Our experiments were conducted using an Adept Viper s850 6-DOF arm with a parallel-plate gripper giving a reach of approximately 100 centimeters. In order to obtain point cloud data, a Microsoft Kinect was mounted on the robot in a position (pictured in Fig. 4) that allowed for changes in the orientation of the camera in order to obtain a variety of viewpoints.
To demonstrate the robustness of our algorithm, we collected point cloud data for several classes of boxes including various sizes of standard packaging boxes and unusually shaped boxes (see Fig. 3). We then ran a series of experiments on an extensive dataset to determine the accuracy of the inference algorithm and then verified that the robot was able to close the box through simulation.
Our testing environment contains a total of 50 point clouds and has a total of 15 different types of boxes in the set. We relied on 12 of these point clouds for training purposes and the rest for testing.
We considered a set of standard cardboard boxes which were sorted into three size categories and tested the algorithm on unusual boxes including cake boxes, pizza boxes and a cardboard carton. For each box type, we collected images of the box from different orientations. The point clouds in our dataset often included extraneous common household objects placed among the scene such as toys, dishes, and cups.
Vi-B Accuracy Evaluation
We measure flap inference accuracy and full model inference accuracy on our box model (see Table I). We define a model’s flap inference accuracy as (the number of correctly identified flaps - the number of wrongly identified flaps) / (the number of flaps in the point cloud data). Similarly, the full model inference accuracy = (the number of correctly identified planes - the number of wrongly identified planes) / (the number of planes in the point cloud data). Notice that all four rotations of the box model are acceptable. For box closing, flap inference accuracy is the most important metric and we define it to be the percentage of correctly identified flap segments.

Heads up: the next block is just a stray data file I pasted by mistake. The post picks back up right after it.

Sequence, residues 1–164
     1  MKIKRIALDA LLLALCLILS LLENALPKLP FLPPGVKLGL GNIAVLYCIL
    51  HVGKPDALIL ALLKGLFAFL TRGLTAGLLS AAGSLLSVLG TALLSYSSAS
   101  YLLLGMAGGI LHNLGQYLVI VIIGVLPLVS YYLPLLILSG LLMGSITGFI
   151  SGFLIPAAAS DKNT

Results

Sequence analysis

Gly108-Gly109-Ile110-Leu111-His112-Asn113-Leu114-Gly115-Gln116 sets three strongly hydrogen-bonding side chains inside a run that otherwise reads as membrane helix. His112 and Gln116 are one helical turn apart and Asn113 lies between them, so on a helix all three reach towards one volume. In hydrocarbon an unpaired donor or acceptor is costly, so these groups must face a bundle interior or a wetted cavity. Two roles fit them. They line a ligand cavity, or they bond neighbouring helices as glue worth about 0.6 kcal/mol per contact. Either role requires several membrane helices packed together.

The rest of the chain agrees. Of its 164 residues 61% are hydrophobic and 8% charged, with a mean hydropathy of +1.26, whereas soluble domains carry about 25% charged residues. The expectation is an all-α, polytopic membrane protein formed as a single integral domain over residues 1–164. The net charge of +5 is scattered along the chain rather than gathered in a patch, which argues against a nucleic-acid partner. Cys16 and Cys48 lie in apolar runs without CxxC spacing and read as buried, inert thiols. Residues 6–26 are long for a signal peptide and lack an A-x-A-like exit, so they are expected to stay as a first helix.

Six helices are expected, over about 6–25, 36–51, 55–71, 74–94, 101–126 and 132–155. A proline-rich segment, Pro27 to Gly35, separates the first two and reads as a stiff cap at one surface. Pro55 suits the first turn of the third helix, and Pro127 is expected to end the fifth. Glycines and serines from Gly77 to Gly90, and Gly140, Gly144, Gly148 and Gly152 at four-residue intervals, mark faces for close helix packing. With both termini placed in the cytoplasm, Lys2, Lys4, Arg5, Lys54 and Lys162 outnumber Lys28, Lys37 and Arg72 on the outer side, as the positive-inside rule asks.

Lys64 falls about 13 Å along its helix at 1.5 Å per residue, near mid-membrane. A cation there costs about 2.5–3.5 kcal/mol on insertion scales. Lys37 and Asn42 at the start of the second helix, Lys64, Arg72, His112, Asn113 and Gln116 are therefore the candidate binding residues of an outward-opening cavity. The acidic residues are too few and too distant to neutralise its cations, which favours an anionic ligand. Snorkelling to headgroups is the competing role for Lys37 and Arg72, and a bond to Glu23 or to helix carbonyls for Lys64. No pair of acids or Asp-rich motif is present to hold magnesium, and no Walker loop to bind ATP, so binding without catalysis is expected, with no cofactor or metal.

Vi-C Results on the Dataset
Fig. 3 shows the original image, the point cloud data, the segments observed, the matching returned by the algorithm, and finally the conditional random field graphical model. We see that the robot can identify a diverse set of boxes. The performance remains stable for boxes of various sizes and the algorithm is able to recognize non-standard boxes. This is seen in examples 3 and 7, where the structure of a flap on a flap is correctly identified despite its deviation from the labeled model.
Our algorithm is able to filter out noise in the data. For the second example, the segments belonging to items in the box are discarded in the matched model. Similarly, the algorithm is able to remove the sources of noise in the data for examples 4 and 7. When more than one box is in the scene, the algorithm is able to recognize the segments as individual boxes. This is seen in example 6.
Flap Inference Accuracy (%)
Full Model Inference Accuracy (%)
The algorithm is able to identify box models with a 76.55% accuracy. For the closing task, we only require the correct identification of flaps which we obtain with an accuracy of 86.74% Therefore the robot shows good performance in identifying flaps to be closed. This also demonstrates that the algorithm is able to tolerate noise and different box configurations and types.
Finally, we demonstrate that our algorithm and its associated articulated model can be applied to real-world tasks through a set of robotic experiments where the robot successfully closes the identified flaps. Please see the video at: http://pr.cs.cornell.edu/articulated3d
We acknowledge Yun Jiang, Akram Helou, Marcus Lim and Stephen Moseson for useful discussions.